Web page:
Although we’ve been focused on warm-weather dishes ever since Memorial Day, today marks the first actual day of summer, which means it’s time to roll out the grill and usher in a long season of outdoor meals featuring summer’s greatest hits. Think corn on the cob, watermelon, juicy grilled burgers and, most importantly, s’mores. If you’re wondering what to put on tonight’s menu, here are a few ideas to get you started.
4-Ingredient S’mores Pie
S’mores are the ultimate sweet of summer, but they’re not the tidiest dessert. Give the campfire classic an unexpected makeover by combining the three key ingredients of s’mores — marshmallows, chocolate and graham crackers — into this easy-to-make, easy-to-eat pie. For the chocolate layer, combine chocolate chips with heavy cream (the fourth ingredient) to create a smooth and velvety ganache.
by Maria Russo in In Season, Recipes, Shows, June 11th, 2016
There are a lot of one-trick ponies out there, but let’s just start by saying zucchini is not one of them. In fact, we can’t help but think of this versatile, in-season squash as a seriously magical ingredient. It can fill many roles, taking the place of potatoes, bananas, chicken and more. Don’t believe us? Go on and see. Zucchini is capable of countless feats; these 10 recipes are just the start.
1. Slice, bread and lightly fry zucchini into this Zucchini Parmesan Crisps (pictured above).
by Emily Lee in Recipes, June 10th, 2016
Just as those in Northern cities and states lay claim to different styles of pizza, hot dogs and clam chowder, many in the South have passionate ideas for what barbecue sauce should be. Sweet, smoky, tangy, sticky, crimson and white — there’s no shortage of flavors, looks and textures when it comes to creating the ultimate meat accompaniment. On this morning’s all-new episode of The Kitchen, the co-hosts broke down barbecue sauces by region, looking at the signature elements of each — and sharing how simple it is to make them all at home, no matter where you live. Read on below for four of the most-common ‘cue sauces, then tell us in the comments which is your favorite.
Sweet and Sticky BBQ Sauce (Kansas City Style)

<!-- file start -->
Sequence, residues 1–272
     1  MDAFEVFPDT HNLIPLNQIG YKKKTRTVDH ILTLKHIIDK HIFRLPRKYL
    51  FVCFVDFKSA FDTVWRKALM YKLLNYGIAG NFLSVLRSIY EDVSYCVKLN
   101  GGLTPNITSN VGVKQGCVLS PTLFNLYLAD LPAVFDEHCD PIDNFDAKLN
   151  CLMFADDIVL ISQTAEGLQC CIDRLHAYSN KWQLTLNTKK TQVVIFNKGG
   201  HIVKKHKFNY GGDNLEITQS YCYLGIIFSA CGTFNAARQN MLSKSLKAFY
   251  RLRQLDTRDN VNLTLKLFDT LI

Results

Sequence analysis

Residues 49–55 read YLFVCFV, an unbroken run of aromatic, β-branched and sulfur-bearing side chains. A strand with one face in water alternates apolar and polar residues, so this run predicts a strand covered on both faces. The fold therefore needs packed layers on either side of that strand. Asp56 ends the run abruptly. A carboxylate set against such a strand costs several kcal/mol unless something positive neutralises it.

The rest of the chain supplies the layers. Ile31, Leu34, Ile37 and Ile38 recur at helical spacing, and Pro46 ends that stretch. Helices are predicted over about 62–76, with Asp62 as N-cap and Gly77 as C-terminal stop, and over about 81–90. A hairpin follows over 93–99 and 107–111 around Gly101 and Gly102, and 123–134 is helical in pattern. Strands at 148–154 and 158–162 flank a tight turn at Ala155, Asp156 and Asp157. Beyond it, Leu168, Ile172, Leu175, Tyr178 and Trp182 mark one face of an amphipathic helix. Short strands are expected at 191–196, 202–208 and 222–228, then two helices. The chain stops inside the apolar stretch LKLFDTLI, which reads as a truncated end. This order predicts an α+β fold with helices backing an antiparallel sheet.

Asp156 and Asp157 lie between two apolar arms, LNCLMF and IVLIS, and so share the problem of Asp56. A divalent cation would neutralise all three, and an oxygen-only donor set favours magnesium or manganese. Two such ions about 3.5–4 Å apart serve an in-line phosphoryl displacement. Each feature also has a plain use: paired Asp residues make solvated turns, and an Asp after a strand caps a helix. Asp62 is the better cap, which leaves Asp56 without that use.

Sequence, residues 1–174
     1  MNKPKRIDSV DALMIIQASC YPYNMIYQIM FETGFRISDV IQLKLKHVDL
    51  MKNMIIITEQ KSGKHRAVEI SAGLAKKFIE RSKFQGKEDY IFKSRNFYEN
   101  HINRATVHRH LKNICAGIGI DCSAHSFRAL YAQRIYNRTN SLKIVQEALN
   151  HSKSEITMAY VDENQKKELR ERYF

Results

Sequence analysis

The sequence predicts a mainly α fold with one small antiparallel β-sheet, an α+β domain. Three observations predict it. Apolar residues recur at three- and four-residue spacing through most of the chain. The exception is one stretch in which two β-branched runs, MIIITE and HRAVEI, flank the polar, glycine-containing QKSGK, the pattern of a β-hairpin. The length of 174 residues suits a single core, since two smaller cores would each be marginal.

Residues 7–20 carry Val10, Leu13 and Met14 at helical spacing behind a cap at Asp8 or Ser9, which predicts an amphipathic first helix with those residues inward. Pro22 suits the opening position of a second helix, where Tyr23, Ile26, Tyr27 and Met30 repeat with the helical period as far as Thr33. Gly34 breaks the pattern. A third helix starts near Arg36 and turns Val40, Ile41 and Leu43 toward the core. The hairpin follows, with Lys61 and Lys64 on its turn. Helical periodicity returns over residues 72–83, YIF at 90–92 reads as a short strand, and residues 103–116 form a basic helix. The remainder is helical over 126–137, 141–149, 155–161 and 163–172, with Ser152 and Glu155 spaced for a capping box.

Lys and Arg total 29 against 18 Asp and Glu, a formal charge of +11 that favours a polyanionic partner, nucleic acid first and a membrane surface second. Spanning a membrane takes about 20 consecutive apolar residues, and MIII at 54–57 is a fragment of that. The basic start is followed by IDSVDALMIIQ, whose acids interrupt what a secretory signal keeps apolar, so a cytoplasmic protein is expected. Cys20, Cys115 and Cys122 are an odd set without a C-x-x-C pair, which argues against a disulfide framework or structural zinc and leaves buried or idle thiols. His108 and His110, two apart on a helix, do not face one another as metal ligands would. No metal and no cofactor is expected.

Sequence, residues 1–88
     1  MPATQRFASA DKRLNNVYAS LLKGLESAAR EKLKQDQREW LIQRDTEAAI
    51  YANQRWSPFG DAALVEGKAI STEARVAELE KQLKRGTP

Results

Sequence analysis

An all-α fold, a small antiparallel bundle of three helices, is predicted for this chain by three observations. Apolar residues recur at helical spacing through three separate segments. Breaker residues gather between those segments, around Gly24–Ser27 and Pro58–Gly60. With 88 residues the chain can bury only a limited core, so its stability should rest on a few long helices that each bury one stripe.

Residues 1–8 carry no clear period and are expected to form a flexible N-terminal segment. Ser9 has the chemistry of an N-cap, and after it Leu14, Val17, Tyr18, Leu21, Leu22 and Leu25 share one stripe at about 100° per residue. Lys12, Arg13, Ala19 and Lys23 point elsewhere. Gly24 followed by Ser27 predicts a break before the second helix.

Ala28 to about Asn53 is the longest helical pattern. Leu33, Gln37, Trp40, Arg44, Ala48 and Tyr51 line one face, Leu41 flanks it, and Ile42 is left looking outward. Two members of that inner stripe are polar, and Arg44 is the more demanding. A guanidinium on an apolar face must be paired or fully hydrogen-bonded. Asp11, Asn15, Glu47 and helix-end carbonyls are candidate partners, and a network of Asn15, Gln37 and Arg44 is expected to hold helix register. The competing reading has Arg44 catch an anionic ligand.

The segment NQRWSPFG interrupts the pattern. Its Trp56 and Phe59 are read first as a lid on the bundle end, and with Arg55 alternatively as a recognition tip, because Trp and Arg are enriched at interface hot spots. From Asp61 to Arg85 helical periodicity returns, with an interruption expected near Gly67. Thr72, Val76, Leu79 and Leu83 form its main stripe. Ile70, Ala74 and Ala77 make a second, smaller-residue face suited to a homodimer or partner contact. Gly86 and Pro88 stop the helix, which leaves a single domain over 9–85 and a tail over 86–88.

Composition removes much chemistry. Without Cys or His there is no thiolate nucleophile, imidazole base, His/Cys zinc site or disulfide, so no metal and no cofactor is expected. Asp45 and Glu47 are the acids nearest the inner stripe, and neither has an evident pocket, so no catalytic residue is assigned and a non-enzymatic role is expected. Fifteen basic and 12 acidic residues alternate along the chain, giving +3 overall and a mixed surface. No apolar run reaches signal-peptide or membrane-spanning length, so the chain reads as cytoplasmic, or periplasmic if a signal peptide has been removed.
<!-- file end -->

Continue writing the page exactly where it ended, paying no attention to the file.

Featuring a base of ketchup, molasses and brown sugar, this thick sauce is indeed packed with sugar, but the sweetness is hardly overwhelming. The key is balancing those ingredients with a splash of tangy apple cider vinegar and the umami-like funk of Worcestershire sauce for well-rounded results.
by Lauren Piro in Recipes, June 9th, 2016
If you retired jelly shots from your drink rotation the day you received your bachelor’s degree, you’re not alone. Yet, recently, the jiggly spiked concoctions have been getting the gourmet treatment from restaurant greats across the country. This renaissance of sweet, chewable booze has got us reconsidering the humble jelly shot as a key component to any good summer party. They don’t have to include neon, radioactive-looking colors either. With that in mind, here are five stunning jelly shots that we’re willing to bet are nothing like the ones you consumed back in the day.
Mint Julep Jelly Shots
The unofficial cocktail of the South gets pared down for size in Food Network Kitchen’s casual take on a classic mint julep. All of the essential flavors are here: mint, sugar and bourbon. Save your good silver cocktail cups for a formal occasion and stock up on disposable plastic shot cups in preparation for your next summer party.
Picnic food presents a unique challenge: You need a menu that is easily portable, can survive a bit of a journey and be flexible under less-than-ideal conditions (i.e., far from your air-conditioned kitchen). These recipes check all of those boxes but are far more surprising than turkey sandwiches and chips — we suggest you set your #picnicgoals way, way higher.
Your goal: Satisfy like a steakhouse.
Make this: Steak and Horseradish Pressed Sandwich (above)
This sandwich gets wrapped in parchment and pressed to melded-flavor perfection — making it perfect for an on-the-go meal. Plus, it’s super-hearty; all of your favorite steakhouse flavors fit within the loaf of rye bread.